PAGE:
Even jade rollers and gua sha’s are traditional modalities of Chinese medicine that are constantly remade and mass-produced in America. The remaking and re-marketing of modalities and innovations rooted in Asian culture have been at work for too long and isn’t the only trend within the beauty space that needs to go.

“I think when we can start collaborating and working together, it creates something way more beautiful and more integrated than being so divided, not giving credit and making things trends and throwing them out the window, you know?” says Alicia.

How to enjoy innovations from another culture

In America, skincare has evolved from a routine to a ritual. “Skincare routines are now being used as a moment of daily meditation and comfort which is synonymous with K-beauty’s ‘skin-first’ philosophy,” says Charlotte.

Korean culture has provided Americans with the ability to enjoy their skincare in a multitude of inventive ways. “In the U.S. people are not only looking for efficacious products, but those that bring an elevated experience in their regimen,” says Dino Ha. “K-beauty was able to fill in the gap for consumers in America at a masstige price point.”

Korean beauty has become ingrained into the American skincare consumer’s shopping experience, but what is the proper way to enjoy innovations from another culture?

“It’s important to recognize and acknowledge the history of the products one’s using,” says Charlotte. She explains how, for example, when one is using a gua sha tool, one should not erase the “prolific connection to Chinese culture,” but should, “celebrate the culture that it has come from!”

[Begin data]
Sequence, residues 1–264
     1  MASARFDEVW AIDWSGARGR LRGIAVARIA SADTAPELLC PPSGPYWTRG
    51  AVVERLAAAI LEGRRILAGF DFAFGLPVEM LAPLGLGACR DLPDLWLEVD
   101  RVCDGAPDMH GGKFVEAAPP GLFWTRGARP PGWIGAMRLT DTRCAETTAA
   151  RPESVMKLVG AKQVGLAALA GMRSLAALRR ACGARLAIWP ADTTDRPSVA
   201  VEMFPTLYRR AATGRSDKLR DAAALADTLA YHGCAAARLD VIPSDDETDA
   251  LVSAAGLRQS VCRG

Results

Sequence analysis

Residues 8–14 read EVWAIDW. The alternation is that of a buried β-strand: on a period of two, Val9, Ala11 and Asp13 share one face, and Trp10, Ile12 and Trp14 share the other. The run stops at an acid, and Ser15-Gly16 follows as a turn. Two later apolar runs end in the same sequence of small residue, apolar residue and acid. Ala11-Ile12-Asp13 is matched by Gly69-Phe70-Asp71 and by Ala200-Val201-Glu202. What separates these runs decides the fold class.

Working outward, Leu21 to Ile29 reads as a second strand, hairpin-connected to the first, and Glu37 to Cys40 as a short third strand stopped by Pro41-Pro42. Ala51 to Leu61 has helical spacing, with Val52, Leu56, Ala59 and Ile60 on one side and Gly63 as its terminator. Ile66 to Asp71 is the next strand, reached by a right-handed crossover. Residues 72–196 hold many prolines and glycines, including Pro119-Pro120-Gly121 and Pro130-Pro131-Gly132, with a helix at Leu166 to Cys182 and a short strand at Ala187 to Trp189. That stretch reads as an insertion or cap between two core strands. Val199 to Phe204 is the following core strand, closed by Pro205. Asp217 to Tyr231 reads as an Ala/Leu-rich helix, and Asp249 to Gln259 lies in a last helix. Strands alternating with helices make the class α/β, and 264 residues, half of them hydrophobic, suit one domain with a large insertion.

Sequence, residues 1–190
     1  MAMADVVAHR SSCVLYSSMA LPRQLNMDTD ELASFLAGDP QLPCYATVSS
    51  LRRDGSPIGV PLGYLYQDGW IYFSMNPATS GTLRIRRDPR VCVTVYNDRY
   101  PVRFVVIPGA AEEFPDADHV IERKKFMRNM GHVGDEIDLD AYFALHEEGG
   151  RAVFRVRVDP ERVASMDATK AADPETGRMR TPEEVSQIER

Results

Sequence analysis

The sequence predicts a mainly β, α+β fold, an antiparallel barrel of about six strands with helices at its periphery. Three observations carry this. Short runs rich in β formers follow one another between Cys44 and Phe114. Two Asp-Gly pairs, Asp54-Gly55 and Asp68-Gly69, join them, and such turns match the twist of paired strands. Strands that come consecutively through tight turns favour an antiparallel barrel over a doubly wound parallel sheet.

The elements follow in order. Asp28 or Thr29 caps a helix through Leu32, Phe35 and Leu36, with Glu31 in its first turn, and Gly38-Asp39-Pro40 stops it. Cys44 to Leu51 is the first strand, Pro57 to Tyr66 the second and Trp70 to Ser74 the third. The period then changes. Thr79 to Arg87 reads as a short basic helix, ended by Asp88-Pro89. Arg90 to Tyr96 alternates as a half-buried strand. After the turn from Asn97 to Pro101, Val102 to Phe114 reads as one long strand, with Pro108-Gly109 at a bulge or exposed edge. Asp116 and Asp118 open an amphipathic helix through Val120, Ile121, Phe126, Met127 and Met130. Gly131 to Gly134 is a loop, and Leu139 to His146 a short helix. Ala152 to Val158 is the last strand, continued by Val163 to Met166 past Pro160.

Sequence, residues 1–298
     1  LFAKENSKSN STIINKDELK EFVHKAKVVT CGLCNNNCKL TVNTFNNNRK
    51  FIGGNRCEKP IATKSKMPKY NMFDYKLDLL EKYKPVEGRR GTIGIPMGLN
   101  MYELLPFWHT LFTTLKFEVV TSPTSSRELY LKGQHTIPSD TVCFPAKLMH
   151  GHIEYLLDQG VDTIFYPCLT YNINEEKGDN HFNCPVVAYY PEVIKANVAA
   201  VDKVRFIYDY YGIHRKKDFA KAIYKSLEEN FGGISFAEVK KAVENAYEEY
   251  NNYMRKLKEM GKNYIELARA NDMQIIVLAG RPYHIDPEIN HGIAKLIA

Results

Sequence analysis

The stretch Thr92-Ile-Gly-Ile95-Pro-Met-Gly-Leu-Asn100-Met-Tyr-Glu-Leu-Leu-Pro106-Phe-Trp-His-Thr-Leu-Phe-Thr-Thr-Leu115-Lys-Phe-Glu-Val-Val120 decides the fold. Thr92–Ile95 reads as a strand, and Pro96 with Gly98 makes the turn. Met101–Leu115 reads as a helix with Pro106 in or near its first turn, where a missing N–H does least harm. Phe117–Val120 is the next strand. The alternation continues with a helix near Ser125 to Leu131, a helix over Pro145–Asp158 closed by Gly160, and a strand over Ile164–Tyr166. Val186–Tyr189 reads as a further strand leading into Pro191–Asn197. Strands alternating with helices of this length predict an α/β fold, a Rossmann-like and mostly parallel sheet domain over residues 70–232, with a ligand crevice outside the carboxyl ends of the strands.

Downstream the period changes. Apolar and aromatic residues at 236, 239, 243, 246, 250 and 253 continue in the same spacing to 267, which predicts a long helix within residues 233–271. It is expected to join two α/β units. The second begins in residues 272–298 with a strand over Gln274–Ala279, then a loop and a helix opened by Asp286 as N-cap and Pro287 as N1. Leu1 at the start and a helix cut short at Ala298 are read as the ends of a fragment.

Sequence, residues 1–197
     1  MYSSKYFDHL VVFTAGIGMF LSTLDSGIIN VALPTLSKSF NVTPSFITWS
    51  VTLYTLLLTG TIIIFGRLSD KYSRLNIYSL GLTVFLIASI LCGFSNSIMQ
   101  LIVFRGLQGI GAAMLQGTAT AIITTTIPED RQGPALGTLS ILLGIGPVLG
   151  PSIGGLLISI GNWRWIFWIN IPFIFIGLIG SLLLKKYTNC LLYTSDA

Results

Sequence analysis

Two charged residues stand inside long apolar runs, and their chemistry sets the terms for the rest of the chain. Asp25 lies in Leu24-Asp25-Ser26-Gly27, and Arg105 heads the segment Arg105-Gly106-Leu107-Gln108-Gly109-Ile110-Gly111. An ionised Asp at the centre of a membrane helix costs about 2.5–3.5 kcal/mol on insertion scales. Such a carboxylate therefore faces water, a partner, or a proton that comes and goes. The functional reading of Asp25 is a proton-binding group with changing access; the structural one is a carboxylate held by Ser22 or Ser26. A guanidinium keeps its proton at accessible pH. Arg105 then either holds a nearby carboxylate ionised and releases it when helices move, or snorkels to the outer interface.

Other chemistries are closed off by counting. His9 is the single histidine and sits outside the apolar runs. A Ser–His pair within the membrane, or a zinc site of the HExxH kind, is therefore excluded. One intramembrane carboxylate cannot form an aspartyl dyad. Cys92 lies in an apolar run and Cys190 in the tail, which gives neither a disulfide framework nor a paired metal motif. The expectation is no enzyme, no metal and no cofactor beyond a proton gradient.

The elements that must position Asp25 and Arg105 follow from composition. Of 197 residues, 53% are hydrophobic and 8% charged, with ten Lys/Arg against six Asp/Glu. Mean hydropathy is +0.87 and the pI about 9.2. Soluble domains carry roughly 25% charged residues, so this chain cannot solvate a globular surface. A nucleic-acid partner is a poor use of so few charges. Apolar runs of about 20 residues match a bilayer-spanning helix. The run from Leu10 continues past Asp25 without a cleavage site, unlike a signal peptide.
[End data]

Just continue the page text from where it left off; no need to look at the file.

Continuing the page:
As previously mentioned, taking credit for another culture’s innovation erases the profound cultural connection between the product, tool, or formulation and the origin country. It is also important for consumers and creators who benefit from using products originated from Asian culture to uplift AAPI voices.

 Standing up for the AAPI community 

With such a global and plentiful beauty market, consumers are not just choosing to buy from brands that create efficacious products, but brands that speak out against injustice and violence. Consumers today are focused on the brand values as much as the products themselves.

“If I’m looking at my brands that are on the shelf, I’m like did you stand up for me? And I feel differently about the brands that have and that have not,” says Alicia.

During this time of increased violence against the AAPI community, it would be ignorant, as a consumer, creator, or business owner who benefits from products, formulations, and innovations rooted in Asian culture, to not do anything. If people stay silent, the culture that these products originate from is being used without respect for the people behind them.

Celebrating your Koreaness

Despite the rise of anti-Asian sentiments in America over the last year, Asian culture has simultaneously brought a new wave of beauty innovations and beauty culture to the states. The difficulty for AAPI voices and bodies to be seen and heard in America has been present for centuries. Korean beauty has not only brought Asian Americans to the forefront of beauty in America, but globally.

“After learning to appreciate my heritage and my roots, it was my dream to be the bridge that would bring Korean skincare to the rest of the world,” says Charlotte, “Fast forward eight  years later, I’m proud to have contributed to the rise of Korean beauty and make it a mainstay in the global beauty industry, by sharing techniques such as the double cleanse, the Korean 10-step skincare routine, and categories such as essences and cushion compacts.”